Facebook and the FTC declined to comment.
The U.S. Federal Trade Commission approved a record privacy settlement against Facebook Inc. requiring the social-media company to pay about $5 billion to resolve an investigation stemming from the Cambridge Analytica data scandal.
According to the Journal, three Republican commissioners cast their vote for the fine and two Democratic commissioners voted against it, making the FTC ruling likely a partisan decision.More news: Xi urged Trump to ease N. Korea sanctions - Beijing
The settlement will now be reviewed by the Department of Justice, though it's unlikely that the DOJ will change the outcome of the terms. As part of that settlement, Facebook agreed to ask for users' permission before sharing their data more broadly than their privacy settings specified.
While the deal resolves a major regulatory headache for Facebook, the Silicon Valley firm still faces further potential anti-trust probes as the FTC and Justice Department undertake a wide-ranging review of competition among the biggest United States tech companies.
The agreement, which probably would include restrictions on Facebook, caps a lengthy investigation, the Wall Street Journal reports.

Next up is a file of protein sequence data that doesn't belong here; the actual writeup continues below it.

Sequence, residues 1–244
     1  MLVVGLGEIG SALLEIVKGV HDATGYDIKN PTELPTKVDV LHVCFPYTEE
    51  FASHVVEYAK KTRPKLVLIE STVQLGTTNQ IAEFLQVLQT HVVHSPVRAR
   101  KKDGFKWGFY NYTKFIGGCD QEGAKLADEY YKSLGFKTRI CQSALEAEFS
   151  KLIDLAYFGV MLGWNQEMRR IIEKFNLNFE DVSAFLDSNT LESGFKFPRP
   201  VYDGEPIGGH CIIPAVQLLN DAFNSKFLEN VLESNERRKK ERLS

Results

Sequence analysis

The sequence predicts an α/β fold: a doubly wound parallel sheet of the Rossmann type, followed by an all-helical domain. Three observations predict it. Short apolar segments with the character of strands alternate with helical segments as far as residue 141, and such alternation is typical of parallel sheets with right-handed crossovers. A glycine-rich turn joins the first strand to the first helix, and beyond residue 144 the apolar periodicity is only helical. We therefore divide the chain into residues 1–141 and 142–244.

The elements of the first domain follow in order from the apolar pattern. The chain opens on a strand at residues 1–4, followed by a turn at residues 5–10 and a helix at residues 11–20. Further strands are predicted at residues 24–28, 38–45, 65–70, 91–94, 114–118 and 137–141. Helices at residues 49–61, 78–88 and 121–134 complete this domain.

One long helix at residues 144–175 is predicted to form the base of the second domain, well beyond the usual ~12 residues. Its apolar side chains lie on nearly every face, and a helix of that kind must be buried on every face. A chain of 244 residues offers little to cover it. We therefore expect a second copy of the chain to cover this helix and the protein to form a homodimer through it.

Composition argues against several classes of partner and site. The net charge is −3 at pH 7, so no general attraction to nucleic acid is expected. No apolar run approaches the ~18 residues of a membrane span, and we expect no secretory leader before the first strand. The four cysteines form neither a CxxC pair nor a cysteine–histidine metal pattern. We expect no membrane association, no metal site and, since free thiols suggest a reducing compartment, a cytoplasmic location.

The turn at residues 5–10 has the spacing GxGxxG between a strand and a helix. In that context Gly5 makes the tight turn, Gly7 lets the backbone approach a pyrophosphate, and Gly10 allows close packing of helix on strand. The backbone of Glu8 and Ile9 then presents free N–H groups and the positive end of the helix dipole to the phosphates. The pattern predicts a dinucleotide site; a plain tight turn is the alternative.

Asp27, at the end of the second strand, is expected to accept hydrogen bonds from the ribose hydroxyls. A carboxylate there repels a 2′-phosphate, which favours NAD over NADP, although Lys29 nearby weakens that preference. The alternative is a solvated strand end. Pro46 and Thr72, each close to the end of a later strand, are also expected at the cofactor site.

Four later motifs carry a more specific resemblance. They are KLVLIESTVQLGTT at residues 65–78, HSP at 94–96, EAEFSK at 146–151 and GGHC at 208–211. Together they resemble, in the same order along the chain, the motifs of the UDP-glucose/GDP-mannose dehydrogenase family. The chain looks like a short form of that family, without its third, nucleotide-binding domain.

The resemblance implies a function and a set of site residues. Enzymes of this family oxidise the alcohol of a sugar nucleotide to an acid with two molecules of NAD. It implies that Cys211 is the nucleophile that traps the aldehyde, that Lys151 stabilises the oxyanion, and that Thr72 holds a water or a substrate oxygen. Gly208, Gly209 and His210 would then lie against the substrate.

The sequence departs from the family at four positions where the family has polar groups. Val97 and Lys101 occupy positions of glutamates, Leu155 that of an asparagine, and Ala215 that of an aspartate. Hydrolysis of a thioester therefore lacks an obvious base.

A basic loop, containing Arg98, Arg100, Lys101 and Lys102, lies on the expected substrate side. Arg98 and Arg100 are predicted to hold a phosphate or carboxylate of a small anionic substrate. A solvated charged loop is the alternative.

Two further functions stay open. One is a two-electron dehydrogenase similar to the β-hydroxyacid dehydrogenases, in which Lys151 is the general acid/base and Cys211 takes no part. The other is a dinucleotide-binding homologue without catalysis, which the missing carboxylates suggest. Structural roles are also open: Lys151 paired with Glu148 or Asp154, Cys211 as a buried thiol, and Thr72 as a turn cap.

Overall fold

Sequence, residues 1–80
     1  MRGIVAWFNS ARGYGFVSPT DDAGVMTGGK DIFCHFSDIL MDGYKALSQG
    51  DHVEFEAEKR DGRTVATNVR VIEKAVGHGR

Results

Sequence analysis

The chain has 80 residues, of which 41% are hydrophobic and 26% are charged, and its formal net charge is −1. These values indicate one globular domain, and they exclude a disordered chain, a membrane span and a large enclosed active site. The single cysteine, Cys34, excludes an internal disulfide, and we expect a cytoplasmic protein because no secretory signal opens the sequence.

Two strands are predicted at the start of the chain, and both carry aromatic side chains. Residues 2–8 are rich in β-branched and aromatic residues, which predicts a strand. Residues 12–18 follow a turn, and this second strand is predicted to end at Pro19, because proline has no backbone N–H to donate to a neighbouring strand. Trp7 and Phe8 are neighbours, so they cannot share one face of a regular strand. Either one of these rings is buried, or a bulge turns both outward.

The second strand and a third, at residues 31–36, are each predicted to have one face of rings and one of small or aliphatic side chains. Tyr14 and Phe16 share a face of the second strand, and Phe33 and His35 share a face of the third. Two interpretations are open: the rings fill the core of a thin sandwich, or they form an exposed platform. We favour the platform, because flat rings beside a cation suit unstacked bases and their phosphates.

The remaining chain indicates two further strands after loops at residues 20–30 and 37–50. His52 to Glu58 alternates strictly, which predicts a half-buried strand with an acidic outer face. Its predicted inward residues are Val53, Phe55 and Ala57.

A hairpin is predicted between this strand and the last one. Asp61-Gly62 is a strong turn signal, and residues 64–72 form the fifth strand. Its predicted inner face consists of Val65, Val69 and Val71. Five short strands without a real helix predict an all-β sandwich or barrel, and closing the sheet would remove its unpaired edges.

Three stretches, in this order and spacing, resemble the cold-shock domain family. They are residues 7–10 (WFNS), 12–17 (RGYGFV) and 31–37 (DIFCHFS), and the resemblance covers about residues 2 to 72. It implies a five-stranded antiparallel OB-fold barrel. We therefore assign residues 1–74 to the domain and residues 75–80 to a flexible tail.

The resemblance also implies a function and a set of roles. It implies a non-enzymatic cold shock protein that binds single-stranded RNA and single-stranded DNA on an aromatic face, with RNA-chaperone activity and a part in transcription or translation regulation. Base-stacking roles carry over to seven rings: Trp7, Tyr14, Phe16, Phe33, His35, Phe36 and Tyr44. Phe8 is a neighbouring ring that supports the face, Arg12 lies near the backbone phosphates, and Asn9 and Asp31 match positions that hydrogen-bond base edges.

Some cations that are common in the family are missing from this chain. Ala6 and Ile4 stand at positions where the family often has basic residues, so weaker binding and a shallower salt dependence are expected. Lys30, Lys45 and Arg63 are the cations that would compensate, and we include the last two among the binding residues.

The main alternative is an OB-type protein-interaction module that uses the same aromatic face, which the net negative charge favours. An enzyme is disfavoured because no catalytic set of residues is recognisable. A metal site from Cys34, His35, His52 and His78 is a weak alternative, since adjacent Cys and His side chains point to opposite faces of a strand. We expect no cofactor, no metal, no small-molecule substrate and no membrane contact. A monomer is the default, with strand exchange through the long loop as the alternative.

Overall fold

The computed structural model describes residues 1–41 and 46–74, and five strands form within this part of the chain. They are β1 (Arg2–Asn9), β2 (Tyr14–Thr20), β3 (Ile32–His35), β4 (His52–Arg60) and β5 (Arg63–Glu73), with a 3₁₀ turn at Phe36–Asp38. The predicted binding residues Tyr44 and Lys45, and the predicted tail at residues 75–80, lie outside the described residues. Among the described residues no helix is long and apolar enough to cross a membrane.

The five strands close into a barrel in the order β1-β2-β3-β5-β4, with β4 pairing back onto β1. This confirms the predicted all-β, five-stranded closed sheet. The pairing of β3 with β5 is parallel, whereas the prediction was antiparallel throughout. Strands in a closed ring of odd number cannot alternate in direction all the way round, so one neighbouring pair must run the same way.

Even a record $5 billion penalty won't be too damaging a dent for Facebook, which made a profit of $22 billion a year ago on $56 billion in total revenue, or a profit margin of 45%.More news: Soccer star Allie Long says her LA hotel room was burglarized
Some Facebook critics have argued the company should face tougher sanctions including monitoring of its data practices, or that chief executive Mark Zuckerberg should be personally liable for penalties.
In March 2018, after a string of revelations about the rogue data firm Cambridge Analytica soon metastasized into larger trust issues for Facebook, the FTC opened an investigation into the company. Facebook acknowledged giving big tech companies like Amazon and Yahoo extensive access to users' personal data, in effect exempting them from its usual privacy rules. Facebook's shares closed at $204.87 on Friday and added 24 cents after hours.
"Investors still had lingering worries that the fine might not be approved".
Rep. David Cicilline, a Democrat from Rhode Island, said in a statement that the fine gives Facebook "a Christmas present five months early". It's very disappointing that such an enormously powerful company that engaged in such serious misconduct is getting a slap on the wrist.More news: Iowa reports 1st confirmed 2019 human West Nile virus case
The fine would be a fraction of the billions of dollars Facebook makes from advertising every year.